Enough money/ the enough money

< Previous | Next >

moseen

Senior Member
Farsi
Hello everybody!
In the conversation below, can't we say "the enough money"? Because the amount of money is specify and in the last sentence "money" has the "the".

Dan likes fat cars, but he doesn't have one.
He doesn't have enough money.
If he had the money, he would by a car.
Reference: English grammar in use by Raymond Murphy, unit 100, part 1.
 
Last edited:
  • e2efour

    Senior Member
    UK English
    It's not a combination of words that anyone uses. What kind of sentence are you thinking of?

    As for why, it might help to give a definition of enough. It can be called a quantifier, which comes before a noun and tells you an amount of something that is enough/sufficient.

    Similar words are any, little, some.
    You can ask someone Is there any cheese left in the fridge?
    We cannot say Is there the any cheese left?

    Enough
    and sufficient can be thought of as adjectives that mean the same.
    Example: She does not have enough/sufficient knowledge to solve this problem.

    Sufficient
    can sometimes be used with an article:
    Example: You need a balanced diet to get the/a sufficient amount of vitamins and minerals (but not "an enough amount").
    In this sentence we could say get sufficient vitamins or get enough vitamins.

    I cannot tell you why an enough does not work, nor is it necessary to know why (if this means anything) in order to learn English.
    It is the job of grammarians to make up theories and definitions on the basis of how people speak.

    To summarise, you can talk about a sufficient quantity of something, but not an enough quantity.
     

    heypresto

    Senior Member
    English - England
    :thumbsup: Sometimes the only answer to 'why?' is 'because we do/don't', or 'because it makes no sense'.

    I can't think of a context in which we would say 'the enough . . . '.
     

    moseen

    Senior Member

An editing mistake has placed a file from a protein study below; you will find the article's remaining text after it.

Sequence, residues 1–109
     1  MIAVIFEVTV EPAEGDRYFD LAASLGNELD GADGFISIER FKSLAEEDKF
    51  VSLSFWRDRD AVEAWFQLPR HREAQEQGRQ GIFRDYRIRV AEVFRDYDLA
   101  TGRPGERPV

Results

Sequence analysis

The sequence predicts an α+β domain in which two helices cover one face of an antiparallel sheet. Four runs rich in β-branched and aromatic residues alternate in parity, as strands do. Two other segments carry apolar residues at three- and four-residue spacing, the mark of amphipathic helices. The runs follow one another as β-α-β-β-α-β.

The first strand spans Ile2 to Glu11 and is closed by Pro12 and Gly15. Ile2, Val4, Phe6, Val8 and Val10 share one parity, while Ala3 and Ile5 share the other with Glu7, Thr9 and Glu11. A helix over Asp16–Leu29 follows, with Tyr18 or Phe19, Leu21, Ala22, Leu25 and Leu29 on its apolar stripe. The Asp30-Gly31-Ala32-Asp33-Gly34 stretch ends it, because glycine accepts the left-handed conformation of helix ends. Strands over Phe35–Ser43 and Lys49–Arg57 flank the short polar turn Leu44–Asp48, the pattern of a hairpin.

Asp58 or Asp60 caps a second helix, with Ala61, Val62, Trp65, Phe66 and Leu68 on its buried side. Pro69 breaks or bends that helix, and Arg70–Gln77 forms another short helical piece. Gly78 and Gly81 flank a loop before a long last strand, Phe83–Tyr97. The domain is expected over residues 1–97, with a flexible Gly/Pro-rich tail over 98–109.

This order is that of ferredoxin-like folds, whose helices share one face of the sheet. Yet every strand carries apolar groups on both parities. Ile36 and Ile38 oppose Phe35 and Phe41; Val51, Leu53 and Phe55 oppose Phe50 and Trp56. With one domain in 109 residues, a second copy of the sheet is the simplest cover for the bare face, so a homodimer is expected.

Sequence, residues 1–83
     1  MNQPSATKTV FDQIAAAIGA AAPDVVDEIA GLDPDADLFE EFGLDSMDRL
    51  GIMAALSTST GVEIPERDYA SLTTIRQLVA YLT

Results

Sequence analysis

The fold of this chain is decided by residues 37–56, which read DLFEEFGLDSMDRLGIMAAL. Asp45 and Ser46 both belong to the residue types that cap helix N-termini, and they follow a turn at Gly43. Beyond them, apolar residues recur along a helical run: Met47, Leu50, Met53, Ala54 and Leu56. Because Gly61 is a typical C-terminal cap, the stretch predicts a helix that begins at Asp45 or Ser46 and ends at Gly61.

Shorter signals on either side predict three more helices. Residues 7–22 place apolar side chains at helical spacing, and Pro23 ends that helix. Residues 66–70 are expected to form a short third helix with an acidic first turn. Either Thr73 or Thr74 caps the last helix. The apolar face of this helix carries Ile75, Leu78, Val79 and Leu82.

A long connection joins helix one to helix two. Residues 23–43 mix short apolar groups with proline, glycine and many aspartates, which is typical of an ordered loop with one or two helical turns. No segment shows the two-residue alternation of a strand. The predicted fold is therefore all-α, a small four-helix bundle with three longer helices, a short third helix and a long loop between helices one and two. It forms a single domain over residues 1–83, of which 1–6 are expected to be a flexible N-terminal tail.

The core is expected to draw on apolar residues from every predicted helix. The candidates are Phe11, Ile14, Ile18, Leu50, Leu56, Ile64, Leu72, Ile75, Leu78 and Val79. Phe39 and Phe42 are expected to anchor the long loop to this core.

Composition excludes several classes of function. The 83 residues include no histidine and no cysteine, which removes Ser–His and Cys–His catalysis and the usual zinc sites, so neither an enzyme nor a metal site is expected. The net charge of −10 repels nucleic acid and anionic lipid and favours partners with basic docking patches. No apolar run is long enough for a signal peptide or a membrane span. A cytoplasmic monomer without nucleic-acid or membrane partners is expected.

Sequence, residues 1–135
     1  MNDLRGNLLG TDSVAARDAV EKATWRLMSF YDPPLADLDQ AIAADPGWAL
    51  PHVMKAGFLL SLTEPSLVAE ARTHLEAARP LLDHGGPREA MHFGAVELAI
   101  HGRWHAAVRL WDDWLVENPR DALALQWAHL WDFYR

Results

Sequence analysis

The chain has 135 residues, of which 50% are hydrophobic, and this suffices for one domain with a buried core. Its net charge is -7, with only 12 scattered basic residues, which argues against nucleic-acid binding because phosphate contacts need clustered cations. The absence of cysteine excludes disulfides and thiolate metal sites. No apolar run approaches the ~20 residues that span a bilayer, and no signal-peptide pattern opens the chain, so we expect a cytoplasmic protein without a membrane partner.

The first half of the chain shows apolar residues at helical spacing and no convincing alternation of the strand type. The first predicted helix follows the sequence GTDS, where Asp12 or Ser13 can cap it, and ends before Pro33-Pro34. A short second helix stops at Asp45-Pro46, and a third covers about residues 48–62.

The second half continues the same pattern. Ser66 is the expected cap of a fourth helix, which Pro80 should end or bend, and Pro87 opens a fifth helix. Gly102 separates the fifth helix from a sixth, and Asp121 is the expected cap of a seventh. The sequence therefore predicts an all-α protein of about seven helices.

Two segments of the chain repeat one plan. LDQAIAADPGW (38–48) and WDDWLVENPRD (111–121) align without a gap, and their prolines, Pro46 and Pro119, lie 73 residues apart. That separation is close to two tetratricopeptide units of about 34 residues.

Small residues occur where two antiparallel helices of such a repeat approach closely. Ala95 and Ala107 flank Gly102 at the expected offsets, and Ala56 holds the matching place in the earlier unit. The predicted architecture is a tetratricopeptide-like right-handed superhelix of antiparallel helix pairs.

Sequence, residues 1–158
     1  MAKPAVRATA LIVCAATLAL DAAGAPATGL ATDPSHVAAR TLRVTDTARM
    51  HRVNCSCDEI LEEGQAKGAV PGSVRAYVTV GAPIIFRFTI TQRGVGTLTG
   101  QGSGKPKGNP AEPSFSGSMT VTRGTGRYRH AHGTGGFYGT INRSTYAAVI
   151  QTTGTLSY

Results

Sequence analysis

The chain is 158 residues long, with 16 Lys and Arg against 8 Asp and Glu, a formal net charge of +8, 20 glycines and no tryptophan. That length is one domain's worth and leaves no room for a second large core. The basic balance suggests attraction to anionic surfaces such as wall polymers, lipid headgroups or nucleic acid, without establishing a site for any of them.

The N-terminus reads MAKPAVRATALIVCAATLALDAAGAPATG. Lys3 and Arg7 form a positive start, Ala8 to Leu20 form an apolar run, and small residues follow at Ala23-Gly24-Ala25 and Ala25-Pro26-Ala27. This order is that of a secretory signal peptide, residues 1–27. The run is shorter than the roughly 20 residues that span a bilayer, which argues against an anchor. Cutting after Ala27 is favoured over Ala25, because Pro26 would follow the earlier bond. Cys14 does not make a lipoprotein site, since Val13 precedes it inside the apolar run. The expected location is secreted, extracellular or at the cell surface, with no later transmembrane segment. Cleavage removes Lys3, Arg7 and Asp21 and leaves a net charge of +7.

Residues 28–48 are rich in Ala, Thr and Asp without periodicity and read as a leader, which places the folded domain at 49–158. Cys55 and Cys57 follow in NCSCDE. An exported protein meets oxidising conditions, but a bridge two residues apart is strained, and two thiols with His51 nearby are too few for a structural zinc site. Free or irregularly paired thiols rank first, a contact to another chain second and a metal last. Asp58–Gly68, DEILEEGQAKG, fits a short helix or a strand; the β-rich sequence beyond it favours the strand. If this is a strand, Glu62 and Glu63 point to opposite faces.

Farsi
    It's not a combination of words that anyone uses. What kind of sentence are you thinking of?

    As for why, it might help to give a definition of enough. It can be called a quantifier, which comes before a noun and tells you an amount of something that is enough/sufficient.

    Similar words are any, little, some.
    You can ask someone Is there any cheese left in the fridge?
    We cannot say Is there the any cheese left?

    Enough
    and sufficient can be thought of as adjectives that mean the same.
    Example: She does not have enough/sufficient knowledge to solve this problem.

    Sufficient
    can sometimes be used with an article:
    Example: You need a balanced diet to get the/a sufficient amount of vitamins and minerals (but not "an enough amount").
    In this sentence we could say get sufficient vitamins or get enough vitamins.

    I cannot tell you why an enough does not work, nor is it necessary to know why (if this means anything) in order to learn English.
    It is the job of grammarians to make up theories and definitions on the basis of how people speak.

    To summarise, you can talk about a sufficient quantity of something, but not an enough quantity.
    Thank you very much for your help.
    :thumbsup: Sometimes the only answer to 'why?' is 'because we do/don't', or 'because it makes no sense'.

    I can't think of a context in which we would say 'the enough . . . '.
    Thank you very much for your help.
    Thanks you for your help Sound Shift.
     
    Last edited:

    PaulQ

    Senior Member
    UK
    English - England
    The problem is with "enough". If enough qualifies a singular noun, it follows that noun in the form of a reduced adjectival clause:
    "It was a castle enough to keep out the enemy":tick: = "It was a castle that was enough to keep out the enemy"

    If enough qualifies a plural noun, it precedes the noun that it qualifies:
    "He had enough apples to make a pie.":tick:

    All uncountable nouns are singular:

    "He had the enough money to buy a car.":cross:
    "He had the money enough to buy a car." :tick: = "He had the money that was enough to buy a car."
     

    moseen

    Senior Member
    Farsi
    The problem is with "enough". If enough qualifies a singular noun, it follows that noun in the form of a reduced adjectival clause:
    "It was a castle enough to keep out the enemy":tick: = "It was a castle that was enough to keep out the enemy"

    If enough qualifies a plural noun, it precedes the noun that it qualifies:
    "He had enough apples to make a pie.":tick:

    All uncountable nouns are singular:

    "He had the enough money to buy a car.":cross:
    "He had the money enough to buy a car." :tick: = "He had the money that was enough to buy a car."
    Thank you very much for your help.
    How can write "he doesnt have enough money"?
    But even so, nine times out of ten we'd still omit "the".
    Thank you very much for your help.
     
    Last edited:

    heypresto

    Senior Member
    English - England
    How can you/one write "he doesnt have enough money"?

    Exactly like that - but with a capital letter at the beginning, and an apostrophe in 'doesn't'.

    He doesn't have enough money. :tick:
     
    < Previous | Next >
    Top